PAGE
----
I first noticed this on handgun strikes (less lethal options). That is why I groove the left side of the dust cover to act as a memory groove (if you will) for my trigger finger (it also matches the grooves on the right side where the off hand thumb goes, so it both looks cool and is functional).

    But on a stock (non stippled, non grooved or non texturized) Glock, your method makes good sense.
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    Superlative! To me this is like playing golf on a new course with someone that is familiar with the layout. I HATE it when they tell me where not to hit the ball. The last thing I need to have as a visualization on the tee is "Don't hit it left here". I'm thinking left in the process of setting up. Tell me where to hit the ball. Give me a target. Give my mind a task to accomplish as opposed to a "Don't" or negative image.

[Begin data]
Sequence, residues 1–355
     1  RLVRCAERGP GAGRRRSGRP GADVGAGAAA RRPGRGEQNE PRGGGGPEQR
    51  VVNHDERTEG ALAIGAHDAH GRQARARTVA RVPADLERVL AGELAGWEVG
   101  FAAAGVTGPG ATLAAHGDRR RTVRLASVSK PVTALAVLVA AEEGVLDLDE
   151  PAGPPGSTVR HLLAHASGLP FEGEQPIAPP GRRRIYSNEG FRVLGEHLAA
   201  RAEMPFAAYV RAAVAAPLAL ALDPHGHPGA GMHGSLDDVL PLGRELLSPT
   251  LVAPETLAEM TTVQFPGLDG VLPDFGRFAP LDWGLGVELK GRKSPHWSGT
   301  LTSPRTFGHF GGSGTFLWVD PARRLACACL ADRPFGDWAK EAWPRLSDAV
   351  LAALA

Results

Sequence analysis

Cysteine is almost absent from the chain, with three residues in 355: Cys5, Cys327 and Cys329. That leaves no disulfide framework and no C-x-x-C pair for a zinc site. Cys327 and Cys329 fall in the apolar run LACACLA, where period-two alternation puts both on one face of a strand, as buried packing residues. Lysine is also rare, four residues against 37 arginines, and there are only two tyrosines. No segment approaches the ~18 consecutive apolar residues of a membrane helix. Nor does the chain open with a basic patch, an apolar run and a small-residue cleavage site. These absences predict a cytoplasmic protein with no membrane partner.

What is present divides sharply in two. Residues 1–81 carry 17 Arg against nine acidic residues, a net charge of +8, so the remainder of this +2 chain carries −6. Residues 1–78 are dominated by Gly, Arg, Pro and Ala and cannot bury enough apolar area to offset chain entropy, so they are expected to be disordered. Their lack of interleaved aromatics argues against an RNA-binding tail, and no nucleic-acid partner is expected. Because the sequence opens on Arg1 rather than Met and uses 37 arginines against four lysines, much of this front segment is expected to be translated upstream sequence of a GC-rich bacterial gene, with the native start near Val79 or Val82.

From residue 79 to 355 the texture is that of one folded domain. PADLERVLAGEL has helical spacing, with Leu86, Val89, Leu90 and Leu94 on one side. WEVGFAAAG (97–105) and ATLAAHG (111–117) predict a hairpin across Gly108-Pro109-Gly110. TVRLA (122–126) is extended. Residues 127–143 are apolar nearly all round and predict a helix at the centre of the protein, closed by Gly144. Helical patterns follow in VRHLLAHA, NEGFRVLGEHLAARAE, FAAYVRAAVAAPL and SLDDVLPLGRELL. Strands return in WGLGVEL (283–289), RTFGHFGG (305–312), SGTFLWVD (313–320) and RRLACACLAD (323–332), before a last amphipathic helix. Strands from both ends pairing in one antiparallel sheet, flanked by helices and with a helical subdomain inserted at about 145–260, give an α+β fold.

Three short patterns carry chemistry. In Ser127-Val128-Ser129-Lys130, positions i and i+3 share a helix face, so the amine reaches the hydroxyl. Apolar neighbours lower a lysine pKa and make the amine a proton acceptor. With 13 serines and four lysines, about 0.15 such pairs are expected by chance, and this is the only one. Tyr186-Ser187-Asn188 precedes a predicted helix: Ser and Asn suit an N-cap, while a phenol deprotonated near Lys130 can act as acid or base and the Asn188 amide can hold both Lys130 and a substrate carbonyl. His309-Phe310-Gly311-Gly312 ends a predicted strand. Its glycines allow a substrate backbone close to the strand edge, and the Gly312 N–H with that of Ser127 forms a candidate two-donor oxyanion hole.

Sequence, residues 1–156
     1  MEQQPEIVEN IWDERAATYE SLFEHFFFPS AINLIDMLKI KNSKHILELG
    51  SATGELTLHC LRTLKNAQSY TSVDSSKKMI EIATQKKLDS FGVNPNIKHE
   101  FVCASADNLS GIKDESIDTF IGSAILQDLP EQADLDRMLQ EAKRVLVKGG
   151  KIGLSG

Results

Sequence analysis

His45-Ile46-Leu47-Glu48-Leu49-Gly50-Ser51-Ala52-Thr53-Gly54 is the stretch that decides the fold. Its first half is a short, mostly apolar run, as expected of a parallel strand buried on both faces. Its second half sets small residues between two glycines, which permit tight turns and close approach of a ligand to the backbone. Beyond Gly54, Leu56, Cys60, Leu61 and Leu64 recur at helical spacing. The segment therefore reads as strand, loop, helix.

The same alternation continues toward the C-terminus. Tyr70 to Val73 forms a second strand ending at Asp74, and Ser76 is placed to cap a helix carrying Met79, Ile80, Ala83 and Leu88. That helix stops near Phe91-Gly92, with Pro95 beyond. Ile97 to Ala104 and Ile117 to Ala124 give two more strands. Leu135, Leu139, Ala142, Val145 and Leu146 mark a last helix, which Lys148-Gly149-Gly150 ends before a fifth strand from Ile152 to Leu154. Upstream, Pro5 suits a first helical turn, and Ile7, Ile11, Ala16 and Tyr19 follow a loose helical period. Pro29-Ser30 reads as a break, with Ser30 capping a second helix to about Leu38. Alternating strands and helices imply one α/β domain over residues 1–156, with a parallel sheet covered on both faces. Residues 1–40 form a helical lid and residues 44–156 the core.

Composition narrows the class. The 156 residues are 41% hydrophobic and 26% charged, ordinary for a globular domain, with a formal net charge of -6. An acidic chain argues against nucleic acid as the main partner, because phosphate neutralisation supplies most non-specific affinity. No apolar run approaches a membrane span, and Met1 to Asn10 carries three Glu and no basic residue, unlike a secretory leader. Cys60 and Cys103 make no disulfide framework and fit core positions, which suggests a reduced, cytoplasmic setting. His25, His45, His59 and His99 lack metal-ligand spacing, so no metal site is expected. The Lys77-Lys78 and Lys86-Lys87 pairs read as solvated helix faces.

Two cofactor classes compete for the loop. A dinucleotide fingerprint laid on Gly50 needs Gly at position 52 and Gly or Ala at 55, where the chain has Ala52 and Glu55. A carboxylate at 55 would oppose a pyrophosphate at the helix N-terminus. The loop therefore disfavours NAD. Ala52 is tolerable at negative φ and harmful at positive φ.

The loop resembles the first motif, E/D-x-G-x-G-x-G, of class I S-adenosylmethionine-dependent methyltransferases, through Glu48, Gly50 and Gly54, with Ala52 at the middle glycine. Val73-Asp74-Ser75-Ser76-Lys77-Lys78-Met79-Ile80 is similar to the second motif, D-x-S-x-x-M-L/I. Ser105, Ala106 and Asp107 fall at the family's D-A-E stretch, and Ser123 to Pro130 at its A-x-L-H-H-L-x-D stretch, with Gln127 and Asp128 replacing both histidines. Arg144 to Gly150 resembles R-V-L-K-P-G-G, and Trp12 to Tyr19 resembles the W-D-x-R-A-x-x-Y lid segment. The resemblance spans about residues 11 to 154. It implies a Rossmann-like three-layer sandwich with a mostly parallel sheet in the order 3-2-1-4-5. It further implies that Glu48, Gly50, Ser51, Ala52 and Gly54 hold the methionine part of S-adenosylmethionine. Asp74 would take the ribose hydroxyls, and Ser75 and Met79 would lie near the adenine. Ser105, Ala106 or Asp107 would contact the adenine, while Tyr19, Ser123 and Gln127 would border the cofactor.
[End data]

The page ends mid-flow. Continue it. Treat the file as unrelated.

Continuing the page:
A positive image/instruction/idea "Do this" is always better than a mind cluttering negative of what not to do. It used to crack up my kids when I'd tell them "Let's try to keep the milk in the glass or your mouth". That is better, to me, than "Don't spill the milk"... it is a set of positive actions to accomplish rather than a negative cornucopia of actions to avoid.

    Last thought - if you haven't watched EVERY video Mr. Gomez has posted, stop what you're doing and watch 'em all. GREAT INSTRUCTION that is positive, reasoned and explained in such a way as to develop the thoughts that go into his reasons for his opinion. They all remind me of Jeff Cooper's instructions that I've watched from YouTube.

    Thanks, Paul for sharing.
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  7. #6
    wdp
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    While I think his overall concept of finger placement is good, it will not work if your firearm is equiped with a Crimson Trace grip mounted laser. Your finger will impede the the lens. Just my .02FWIW and something to consider.